Samsung HT-BD8200 Blu-ray Soundbar Review


Key Specifications

  • Review Price: £535.84

Not content with bringing out the world’s first wall-mountable Blu-ray player and the first decks with Wi-Fi and PC streaming, Samsung has beaten its rivals to the punch yet again with the first Blu-ray soundbar system.

This 2.1 channel system integrates everything you need for Blu-ray playback (player, speakers, decoding, and amplification) into a single wall-mountable unit and throws in a wireless subwoofer for good measure – ideal if space is tight and you don’t want cables all over the place.

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Samsung apparently doesn’t know how to make an ugly product. The HT-BD8200’s soundbar is yet another stunner, with its gloss black finish and translucent edges giving it a very commercial but extremely desirable look.

Along the top is a row of illuminated touch-sensitive buttons, but the thing that really made me swoon is the disc loading mechanism – the entire centre panel slides forward to reveal the upward-facing slot, and if there’s a disc inside it rises like a phoenix from the flames and stays there until someone grabs it – lovely stuff.

Also impressive is the large display panel, making information easy to read from a distance, while the unit’s slim profile stops it from jutting out too far from the wall. In the box is a wall mounting bracket and a plastic cradle stand that slots neatly onto the bottom. As for the subwoofer, it’s the same model that accompanies the HT-WS1G DVD soundbar we reviewed recently and shrugs off the stereotypical black box image with curved corners and a lustrous gloss-black top panel. There are no dials or sockets to play with, just a blue light on top and a tiny button on the back to reset the wireless connection with the main unit.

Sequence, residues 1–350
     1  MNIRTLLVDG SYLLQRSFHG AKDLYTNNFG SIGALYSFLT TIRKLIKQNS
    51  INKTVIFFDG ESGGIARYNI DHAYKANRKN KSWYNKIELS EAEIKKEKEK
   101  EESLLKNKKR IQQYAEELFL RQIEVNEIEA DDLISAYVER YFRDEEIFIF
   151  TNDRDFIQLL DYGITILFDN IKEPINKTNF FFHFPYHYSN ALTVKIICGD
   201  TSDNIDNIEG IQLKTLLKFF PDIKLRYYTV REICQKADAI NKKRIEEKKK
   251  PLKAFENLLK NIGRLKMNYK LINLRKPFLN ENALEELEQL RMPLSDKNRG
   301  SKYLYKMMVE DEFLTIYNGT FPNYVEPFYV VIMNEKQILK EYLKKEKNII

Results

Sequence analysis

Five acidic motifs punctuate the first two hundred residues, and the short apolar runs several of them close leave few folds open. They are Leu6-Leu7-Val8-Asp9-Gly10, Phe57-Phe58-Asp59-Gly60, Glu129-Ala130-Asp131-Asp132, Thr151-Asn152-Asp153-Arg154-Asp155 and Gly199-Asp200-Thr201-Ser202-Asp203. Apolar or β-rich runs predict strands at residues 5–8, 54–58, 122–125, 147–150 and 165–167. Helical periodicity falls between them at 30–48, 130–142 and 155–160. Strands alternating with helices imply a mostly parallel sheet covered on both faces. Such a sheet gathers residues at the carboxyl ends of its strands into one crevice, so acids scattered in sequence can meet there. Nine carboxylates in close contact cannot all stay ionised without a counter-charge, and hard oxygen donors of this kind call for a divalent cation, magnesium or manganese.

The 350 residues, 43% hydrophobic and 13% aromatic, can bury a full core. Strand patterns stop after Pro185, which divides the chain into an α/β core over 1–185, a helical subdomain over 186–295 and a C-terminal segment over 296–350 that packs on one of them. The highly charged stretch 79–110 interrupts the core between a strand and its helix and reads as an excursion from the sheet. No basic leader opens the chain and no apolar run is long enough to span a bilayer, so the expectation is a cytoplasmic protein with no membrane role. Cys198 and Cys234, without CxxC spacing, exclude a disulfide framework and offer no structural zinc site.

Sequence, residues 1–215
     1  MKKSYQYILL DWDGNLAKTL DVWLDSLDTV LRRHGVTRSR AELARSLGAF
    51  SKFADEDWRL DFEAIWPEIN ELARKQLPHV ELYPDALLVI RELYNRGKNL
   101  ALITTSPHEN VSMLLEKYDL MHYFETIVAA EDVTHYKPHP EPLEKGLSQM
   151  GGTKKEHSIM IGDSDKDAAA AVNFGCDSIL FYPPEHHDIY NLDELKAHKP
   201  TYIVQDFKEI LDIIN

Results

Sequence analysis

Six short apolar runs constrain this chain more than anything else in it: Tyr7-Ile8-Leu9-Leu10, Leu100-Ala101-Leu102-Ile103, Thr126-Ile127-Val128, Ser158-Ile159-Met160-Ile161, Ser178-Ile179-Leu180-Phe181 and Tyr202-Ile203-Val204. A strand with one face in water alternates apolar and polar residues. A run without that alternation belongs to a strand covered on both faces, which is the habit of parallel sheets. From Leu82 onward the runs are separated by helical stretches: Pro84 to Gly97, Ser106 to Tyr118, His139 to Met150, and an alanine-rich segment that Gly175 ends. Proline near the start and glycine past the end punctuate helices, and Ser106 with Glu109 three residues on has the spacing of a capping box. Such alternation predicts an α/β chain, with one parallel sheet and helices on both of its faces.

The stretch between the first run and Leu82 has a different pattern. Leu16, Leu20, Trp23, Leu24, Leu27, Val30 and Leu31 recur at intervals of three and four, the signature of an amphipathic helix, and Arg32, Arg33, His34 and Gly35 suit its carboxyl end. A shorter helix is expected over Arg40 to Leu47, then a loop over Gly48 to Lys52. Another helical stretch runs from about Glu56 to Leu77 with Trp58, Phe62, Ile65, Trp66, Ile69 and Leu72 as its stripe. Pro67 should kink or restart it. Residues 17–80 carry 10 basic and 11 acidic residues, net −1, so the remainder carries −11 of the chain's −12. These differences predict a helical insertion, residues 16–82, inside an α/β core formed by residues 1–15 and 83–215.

Given the limited space on the back and the focus on simplicity, the main unit’s generous array of connections comes as a pleasant surprise. The recessed panel houses HDMI and composite video outputs, an Ethernet port, an antenna input for the FM radio tuner and an optical digital audio input, which is good news for anyone with a Sky box. We might have criticised Samsung for not including more inputs, but it’s not such a big deal on a soundbar aimed at buyers who want to keep things simple.

Next to these is a USB port that can be used in a couple of ways. Plug in Samsung’s optional wireless LAN dongle (WIS09ABGN) and you can connect to the internet or stream content over your home network without a cable in sight; or connect a USB flash drive to store BD Live downloads and provide firmware updates – an essential feature, as BD Live’s required 1GB of memory isn’t built in.

With that USB port handling wireless or BD Live storage duties, Samsung has sensibly provided another USB port on the right-hand side for media playback. This supports USB sticks, MP3 players and even external FAT 16/32 HDDs, and it’ll play DivX HD, MP3 and JPEG files. This USB port is joined by a connector for the supplied iPod dock (which works with any model, as well as the iPhone), analogue stereo input for other MP3 players and a headphones port.

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